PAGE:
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Thinking about CAM

Posted 4/3/2015

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  As you likely know, CAM= complementary and alternative therapies. Almost all cancer patients at least consider one or more of these therapies, and it can be difficult to identify a good practitioner and to get honest advice or information. Just so my strong feeling (bias, some might say) is out there: Although I fully support any person's right to make decisions for him or herself, I cringe when someone refuses standard western evidence-based treatment in favor of alternative care. Note that I said "alternative"; by definition, "alternative" means instead of. Complementary therapies, on the other hand, are those used in conjunction with standard care.

  Virtually all oncologists support the use of complementary therapies, especially those that are external to the body. By this I mean acupuncture or Reiki or massage. There is concern about anything that you ingest while you are on active treatment. For example, there is some evidence that anti-oxidant vitamins in doses beyond those in multi-vitamins can interfere with the efficacy of chemotherapy or radiation therapy. The bottom line here is this: PLEASE talk with your doctor about whatever else you are doing. You may be frustrated by his/her lack of knowledge or indifference to these therapies, but it is really important to fully disclose your plans.

  These are two good short articles from ASCO's Cancer Net. One is a brief explanation of CAM and the second gives suggestions on how to think about or evalutate them.

About Complementary and Alternative Therapies
Approved by the Cancer.Net Editorial Board, 03/2015
Key Messages:
Complementary therapies help patients cope with pain, fatigue, anxiety, and other side effects of cancer and
its treatment. These therapies do not treat cancer, but patients may receive these therapies along with
standard cancer treatments.
Complementary therapies include physical activity, acupuncture, massage therapy, music therapy, and
nutrition counseling.
Alternative therapies are those that some people promote instead of standard cancer treatment. These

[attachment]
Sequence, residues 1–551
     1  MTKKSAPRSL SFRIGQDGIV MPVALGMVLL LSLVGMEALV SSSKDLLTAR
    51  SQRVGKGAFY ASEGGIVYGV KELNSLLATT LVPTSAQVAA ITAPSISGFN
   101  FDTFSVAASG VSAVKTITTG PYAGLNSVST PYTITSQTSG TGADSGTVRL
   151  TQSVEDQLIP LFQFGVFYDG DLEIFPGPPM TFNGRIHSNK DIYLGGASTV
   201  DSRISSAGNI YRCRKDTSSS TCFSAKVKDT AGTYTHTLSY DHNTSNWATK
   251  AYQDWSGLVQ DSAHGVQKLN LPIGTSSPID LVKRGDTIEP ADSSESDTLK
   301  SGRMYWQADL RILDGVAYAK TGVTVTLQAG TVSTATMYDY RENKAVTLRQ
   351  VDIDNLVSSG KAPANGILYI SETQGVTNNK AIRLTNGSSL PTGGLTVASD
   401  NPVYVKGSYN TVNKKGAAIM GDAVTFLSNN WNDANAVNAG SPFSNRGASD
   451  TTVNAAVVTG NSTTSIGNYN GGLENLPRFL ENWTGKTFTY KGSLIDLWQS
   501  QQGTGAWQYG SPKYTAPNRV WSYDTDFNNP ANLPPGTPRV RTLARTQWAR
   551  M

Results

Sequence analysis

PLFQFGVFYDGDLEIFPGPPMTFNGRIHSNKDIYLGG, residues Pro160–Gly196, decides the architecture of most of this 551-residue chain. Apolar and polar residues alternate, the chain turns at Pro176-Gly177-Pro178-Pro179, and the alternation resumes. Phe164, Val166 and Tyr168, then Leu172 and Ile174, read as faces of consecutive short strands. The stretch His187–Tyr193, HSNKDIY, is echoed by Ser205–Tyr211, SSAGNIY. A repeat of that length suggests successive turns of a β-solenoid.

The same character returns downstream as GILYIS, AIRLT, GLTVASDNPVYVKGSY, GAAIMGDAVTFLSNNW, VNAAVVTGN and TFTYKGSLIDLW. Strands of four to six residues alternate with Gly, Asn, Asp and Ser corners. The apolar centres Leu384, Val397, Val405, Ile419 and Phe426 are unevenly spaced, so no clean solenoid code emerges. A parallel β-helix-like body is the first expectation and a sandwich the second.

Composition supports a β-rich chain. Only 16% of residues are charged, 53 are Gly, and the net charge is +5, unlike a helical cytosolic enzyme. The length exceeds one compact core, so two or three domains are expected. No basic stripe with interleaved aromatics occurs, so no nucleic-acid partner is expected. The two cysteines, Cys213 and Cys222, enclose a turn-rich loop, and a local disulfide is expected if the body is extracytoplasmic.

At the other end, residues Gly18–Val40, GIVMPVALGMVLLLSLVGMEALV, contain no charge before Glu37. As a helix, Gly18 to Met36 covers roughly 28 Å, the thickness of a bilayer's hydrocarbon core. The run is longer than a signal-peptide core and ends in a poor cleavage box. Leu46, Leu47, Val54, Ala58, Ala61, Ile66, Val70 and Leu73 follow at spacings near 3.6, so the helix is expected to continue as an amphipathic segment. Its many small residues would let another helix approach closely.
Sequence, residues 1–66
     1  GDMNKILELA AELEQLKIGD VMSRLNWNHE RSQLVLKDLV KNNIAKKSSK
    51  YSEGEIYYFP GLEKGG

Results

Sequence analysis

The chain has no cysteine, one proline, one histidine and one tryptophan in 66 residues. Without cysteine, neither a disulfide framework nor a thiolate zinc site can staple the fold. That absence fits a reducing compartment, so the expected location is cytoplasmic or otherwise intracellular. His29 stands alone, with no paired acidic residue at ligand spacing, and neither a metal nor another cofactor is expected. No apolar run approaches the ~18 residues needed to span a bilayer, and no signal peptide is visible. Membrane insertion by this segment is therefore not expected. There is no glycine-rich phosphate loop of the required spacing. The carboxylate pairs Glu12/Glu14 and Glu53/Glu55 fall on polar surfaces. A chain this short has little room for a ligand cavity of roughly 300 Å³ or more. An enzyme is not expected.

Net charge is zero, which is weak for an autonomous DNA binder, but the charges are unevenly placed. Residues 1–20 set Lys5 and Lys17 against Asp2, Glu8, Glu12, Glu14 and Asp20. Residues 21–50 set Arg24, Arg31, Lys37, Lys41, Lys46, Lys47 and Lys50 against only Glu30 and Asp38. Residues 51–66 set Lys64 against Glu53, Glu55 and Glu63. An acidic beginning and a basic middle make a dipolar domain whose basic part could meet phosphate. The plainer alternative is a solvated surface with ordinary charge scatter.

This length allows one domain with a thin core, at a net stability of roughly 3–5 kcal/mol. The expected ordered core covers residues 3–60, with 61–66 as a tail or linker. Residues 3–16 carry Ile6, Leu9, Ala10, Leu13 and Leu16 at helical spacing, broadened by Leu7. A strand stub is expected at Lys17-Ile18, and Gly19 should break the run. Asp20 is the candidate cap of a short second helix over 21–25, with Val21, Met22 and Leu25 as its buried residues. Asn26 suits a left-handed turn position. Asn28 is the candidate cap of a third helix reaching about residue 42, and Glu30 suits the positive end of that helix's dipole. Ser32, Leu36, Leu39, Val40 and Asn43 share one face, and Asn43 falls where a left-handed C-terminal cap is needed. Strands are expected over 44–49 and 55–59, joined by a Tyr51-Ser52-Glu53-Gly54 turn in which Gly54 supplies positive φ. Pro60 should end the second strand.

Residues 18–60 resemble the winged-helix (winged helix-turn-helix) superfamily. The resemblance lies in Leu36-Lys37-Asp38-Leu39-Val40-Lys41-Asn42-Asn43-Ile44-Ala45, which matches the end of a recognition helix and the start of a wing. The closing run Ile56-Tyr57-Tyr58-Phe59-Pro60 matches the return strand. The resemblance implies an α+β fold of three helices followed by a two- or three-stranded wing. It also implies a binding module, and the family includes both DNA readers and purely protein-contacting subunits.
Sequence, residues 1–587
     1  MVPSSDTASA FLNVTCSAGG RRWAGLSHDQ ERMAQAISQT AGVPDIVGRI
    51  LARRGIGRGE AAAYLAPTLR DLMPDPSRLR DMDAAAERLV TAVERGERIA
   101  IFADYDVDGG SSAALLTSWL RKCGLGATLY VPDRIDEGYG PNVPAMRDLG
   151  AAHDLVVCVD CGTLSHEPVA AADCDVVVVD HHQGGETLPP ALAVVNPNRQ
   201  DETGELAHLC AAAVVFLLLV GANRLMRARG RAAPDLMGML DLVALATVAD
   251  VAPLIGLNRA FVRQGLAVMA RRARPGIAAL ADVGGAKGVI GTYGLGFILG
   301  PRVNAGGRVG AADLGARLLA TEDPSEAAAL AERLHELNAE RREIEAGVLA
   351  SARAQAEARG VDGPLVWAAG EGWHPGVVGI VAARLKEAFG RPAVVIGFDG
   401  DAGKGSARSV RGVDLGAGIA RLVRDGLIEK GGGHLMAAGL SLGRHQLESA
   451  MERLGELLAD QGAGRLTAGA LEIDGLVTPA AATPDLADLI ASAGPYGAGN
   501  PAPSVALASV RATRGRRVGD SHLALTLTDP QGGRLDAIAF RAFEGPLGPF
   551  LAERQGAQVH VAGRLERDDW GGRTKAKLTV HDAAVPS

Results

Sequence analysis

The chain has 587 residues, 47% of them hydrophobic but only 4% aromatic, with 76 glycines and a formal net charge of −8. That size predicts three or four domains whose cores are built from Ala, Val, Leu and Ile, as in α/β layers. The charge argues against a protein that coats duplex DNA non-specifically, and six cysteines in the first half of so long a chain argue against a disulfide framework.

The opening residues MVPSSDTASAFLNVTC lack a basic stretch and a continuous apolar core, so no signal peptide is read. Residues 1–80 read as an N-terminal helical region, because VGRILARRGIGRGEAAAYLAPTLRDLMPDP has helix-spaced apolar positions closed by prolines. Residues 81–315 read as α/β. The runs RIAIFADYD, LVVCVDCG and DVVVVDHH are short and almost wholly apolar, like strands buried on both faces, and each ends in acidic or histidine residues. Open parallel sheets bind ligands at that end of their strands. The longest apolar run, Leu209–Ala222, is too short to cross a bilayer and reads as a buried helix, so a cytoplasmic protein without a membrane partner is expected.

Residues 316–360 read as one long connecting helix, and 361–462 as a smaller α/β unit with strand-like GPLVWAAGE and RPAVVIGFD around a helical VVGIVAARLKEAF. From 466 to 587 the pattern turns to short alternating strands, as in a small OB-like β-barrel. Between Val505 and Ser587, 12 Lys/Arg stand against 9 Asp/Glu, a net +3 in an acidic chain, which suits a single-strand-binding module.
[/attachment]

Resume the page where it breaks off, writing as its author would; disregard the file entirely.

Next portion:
therapies do not effectively treat cancer.
Avoid alternatives. Use the complementary therapies available through your oncologist or at a nearby
National Cancer Institute-designated Comprehensive Cancer Center.
Integrative medicine is a combination of medical treatments for cancer and complementary therapies to cope with the symptoms and side effects. You may sometimes hear integrative medicine called complementary and alternative medicine (CAM). However, there are no true “alternatives” to cancer treatment.
About complementary therapy
Complementary therapies help manage symptoms and side effects and are given along with standard cancer
treatment. They may help patients cope with the side effects of surgery, radiation therapy, chemotherapy, and other standard cancer treatments.
About alternative medicine
Alternative medicine or alternative therapies are those that some people promote for use instead of standard
medical treatment. Eating or avoiding specific foods instead of having chemotherapy is an example of an alternative therapy. Generally, alternative therapies are bogus, disproved, or unstudied methods that have no role in cancer care.

Read more: About%20Complementary%20and%20Alternative%20Therapies

And here is the second article:

Evaluating Complementary and Alternative Therapies
Approved by the Cancer.Net Editorial Board, 03/2015

Key Messages:
Ask specific questions to find out about the safety and effectiveness of complementary and alternative therapies.
Talk with your doctor before using any complementary therapies. Do not use any alternative therapies.
Many people with cancer have questions about the methods and products used as complementary therapies. However, before you begin any complementary therapy, discuss all treatment options with your doctor. It is important to make sure the complementary therapy works well with your cancer treatment plan.
Some complementary therapies have research supporting their safety and effectiveness when used with standard cancer treatment. Alternative therapies, on the other hand, do not work, are often costly, and may be harmful. How are some ways to know?
First, find out who is recommending this therapy. If there are only people's personal stories and no trustworthy research, the treatment probably does not treat cancer. If news or ads about a therapy appear in mass media, but not in scientific journals, it is unlikely to help treat cancer. Learn more about evaluating cancer information on the Internet. If a treatment promises to cure all cancers, the ad is a fraud. There are more than 100 different types of cancer. No one treatment will work for every person or for every type of cancer.

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